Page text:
Written And Directed by John McKay
Jean: “You don’t know anything about me.”
David: “I know you’re posh.”
Jean: “I’m not posh. I feed the pigs.”
Okay, confession time – if Karen Gillan hadn’t been cast in this one-off drama for BBC4, then chances are I probably wouldn’t have watched this, let alone actually review it. Fashion is not my thing in the slightest and a lot of what happens in this 90 minute drama cements my reason why it’s an aspect of journalism/media I wouldn’t want to have that much involvement in.
Also, I’ve never heard of either model/muse Jean Shrimpton and her photographer lover, David Bailey at all but after watching this, I was a little more interesting in learning a bit more about both of them, which BBC4 partially helped with airing a documentary on the latter after this aired.
The strand of this story mostly covers an infamous shoot between Shrimpton and Bailey for Vogue Magazine in 1962 New York and its one where we have iron lady like Claire Rendlesham telling us to the point of nausea that that Bailey’s an arrogant so and so and that Jean is too plain looking to really stand out as a model.
It probably comes as no surprised that we’re supposed to side more with Shrimpton and Bailey as they love and argue their way through the story while eventually proving to Claire that their way for the photo shoot is the best way after all. It’s amazing how charismatic and frustrating Bailey is in equal measure but it’s hard not to see where he’s coming from, even during his less likeable moments in the story.
This production won’t win points for it’s classism commentary but it is rather gratifying to see the likes of Claire taken down a peg or two as well, more so for relentless haranguing of beleaguered yes man Larry rather than anything she says to Jean or David. Larry’s probably the most likeable of the four leading characters here, even if we know next to nothing about the fella.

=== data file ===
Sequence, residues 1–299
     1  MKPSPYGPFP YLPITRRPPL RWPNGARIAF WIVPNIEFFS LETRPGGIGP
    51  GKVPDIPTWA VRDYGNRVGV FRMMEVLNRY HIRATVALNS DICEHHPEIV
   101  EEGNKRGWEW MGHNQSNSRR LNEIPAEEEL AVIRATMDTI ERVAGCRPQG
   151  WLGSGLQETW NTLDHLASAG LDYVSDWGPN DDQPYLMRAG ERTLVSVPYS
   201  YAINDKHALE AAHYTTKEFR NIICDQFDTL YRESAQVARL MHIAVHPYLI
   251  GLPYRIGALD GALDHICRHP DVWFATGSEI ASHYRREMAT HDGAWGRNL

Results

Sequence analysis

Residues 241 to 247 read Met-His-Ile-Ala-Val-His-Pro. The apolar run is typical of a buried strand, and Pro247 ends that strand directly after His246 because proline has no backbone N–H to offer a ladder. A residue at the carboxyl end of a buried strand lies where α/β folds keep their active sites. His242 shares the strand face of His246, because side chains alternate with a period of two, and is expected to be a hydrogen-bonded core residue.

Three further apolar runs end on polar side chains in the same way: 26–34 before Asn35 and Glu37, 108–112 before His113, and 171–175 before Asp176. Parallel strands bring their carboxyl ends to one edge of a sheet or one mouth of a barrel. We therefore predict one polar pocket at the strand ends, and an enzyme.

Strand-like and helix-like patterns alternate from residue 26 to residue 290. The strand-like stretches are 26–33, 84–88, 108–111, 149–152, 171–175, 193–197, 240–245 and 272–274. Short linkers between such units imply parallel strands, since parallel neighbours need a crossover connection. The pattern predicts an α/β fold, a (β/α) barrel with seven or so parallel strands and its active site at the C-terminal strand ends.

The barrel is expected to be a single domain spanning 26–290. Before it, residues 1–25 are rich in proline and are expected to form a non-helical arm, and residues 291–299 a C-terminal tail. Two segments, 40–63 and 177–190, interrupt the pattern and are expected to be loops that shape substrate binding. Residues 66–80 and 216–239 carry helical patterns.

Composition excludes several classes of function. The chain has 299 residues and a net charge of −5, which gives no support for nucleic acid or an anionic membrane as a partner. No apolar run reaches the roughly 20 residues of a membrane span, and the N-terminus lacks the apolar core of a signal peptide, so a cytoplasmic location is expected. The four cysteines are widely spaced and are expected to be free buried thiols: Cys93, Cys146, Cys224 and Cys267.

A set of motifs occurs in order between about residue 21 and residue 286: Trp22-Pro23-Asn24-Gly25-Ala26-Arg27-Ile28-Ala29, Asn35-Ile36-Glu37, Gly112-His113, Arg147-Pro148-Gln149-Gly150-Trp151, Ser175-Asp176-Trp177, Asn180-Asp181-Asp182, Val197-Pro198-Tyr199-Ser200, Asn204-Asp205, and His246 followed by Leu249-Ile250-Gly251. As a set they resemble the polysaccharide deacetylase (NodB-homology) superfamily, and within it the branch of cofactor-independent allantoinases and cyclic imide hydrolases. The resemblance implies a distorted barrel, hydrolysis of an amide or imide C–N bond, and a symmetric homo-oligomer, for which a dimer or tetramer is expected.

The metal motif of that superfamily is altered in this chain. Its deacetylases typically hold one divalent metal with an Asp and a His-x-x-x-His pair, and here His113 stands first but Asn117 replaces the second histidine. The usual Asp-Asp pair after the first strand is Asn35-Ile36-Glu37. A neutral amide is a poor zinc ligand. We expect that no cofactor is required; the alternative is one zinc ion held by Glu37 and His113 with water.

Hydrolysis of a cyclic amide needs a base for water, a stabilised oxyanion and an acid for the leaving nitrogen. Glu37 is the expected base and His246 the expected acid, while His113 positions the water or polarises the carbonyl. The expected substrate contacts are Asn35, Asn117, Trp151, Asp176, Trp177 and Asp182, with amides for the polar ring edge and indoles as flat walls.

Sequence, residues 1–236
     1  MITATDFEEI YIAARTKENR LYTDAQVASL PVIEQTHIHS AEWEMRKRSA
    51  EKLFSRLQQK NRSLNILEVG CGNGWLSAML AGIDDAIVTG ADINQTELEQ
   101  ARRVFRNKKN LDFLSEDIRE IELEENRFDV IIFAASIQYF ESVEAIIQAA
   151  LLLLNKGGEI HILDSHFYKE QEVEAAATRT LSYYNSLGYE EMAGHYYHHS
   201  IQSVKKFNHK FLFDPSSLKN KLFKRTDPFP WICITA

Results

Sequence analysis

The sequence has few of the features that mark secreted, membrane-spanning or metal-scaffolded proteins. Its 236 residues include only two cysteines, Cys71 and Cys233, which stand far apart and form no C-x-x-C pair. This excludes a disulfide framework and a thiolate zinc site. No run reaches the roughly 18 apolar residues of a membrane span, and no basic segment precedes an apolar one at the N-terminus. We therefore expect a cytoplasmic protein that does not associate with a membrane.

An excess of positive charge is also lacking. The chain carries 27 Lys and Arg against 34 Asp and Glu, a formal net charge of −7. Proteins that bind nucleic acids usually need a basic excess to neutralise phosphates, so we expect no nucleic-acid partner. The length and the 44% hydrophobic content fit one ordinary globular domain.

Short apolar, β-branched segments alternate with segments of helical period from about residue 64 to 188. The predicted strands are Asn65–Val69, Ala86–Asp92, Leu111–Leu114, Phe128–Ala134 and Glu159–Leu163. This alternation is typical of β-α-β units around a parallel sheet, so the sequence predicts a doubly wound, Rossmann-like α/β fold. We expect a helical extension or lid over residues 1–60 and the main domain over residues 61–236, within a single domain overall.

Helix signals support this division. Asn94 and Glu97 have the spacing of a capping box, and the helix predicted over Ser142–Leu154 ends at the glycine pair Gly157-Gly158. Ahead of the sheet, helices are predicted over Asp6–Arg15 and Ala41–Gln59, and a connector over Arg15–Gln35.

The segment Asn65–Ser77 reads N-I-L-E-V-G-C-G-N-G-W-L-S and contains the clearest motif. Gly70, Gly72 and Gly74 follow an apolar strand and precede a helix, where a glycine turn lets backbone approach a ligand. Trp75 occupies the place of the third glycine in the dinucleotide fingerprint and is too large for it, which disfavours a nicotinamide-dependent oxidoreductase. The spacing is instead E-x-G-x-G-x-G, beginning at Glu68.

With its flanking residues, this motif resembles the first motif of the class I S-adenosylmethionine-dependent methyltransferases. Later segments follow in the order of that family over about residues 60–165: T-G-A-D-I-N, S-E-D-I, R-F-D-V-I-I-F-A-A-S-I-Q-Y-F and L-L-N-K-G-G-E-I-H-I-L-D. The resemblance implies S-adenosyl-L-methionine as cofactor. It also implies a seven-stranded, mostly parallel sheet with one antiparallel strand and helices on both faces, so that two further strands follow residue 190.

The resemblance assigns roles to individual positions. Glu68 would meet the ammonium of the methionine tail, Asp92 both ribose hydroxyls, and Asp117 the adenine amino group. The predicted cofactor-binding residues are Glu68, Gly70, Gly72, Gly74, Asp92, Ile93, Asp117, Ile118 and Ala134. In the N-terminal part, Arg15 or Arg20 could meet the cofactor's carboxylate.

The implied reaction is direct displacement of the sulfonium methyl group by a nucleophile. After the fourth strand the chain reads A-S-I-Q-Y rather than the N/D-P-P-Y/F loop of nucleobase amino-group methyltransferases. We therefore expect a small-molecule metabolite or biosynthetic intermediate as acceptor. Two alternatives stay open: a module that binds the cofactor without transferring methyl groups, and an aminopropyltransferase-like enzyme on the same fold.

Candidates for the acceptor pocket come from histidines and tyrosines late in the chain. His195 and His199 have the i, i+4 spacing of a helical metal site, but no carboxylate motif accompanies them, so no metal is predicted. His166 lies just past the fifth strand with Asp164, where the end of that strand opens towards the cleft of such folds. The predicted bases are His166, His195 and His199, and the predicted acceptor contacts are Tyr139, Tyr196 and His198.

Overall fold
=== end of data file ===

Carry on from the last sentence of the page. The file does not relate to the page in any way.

In terms of performances, Karen Gillan is excellent as Shrimpton but this piece really more for Aneurin Barnard, who bloody well commands your attention throughout the entire production as David Bailey, whose unshakeable belief in both his muse and his abilities as a photographer really are captivating to watch.
Helen McCrory has some good moments as Claire but often she does feel a little too one-note as a character, even if the piece does make a decent attempt to justify her behaviour and even try to play nice to the very people she kept fighting with for the most of the 90 minutes here. At one point, I could even empathise with her a little but her elitist behaviour whilst realistic more or less justifies my own misgivings about the fashion, considering that it’s an attitude than hasn’t changed in five decades.
Apart from the photo shoot elements itself, there’s not much to explore with Jean and David as lovers. They have a certain passion and belief in each other but theirs wasn’t always a harmonious of unions. It probably also didn’t help that Jean’s involvement with a well known married man also cost her having a relationship with her family but that’s something that’s glossed over a bit though. I think I would’ve liked to have seen a tiny bit more of Jean’s family life in this story.
- Along with Helen McCrory, another famous face was Vogue woman Diane, played by Frances Barber. I missed not seeing an eye patch on her this time.
- Points to the cinematography for this story. Some of the scenes in New York just looked beautifully shot.
- Karen Gillan has recently done a photo shoot with the real David Bailey, according to her interview with Radio Times.
- Unlike Matt Smith last year with Christopher And His Kind, there wasn’t that much sauciness in this story.
While a part of me would’ve liked if this hasn’t been relegated to BBC4 only, I have to admit that We’ll Take Manhattan was a pretty good move for Gillan, who as a former model herself was a good choice for the role of Jean Shrimpton and after this, I bet there’s going to be a lot more people who will want to see more of Aneurin Barnard on their screens.
Rating: 8 out of 10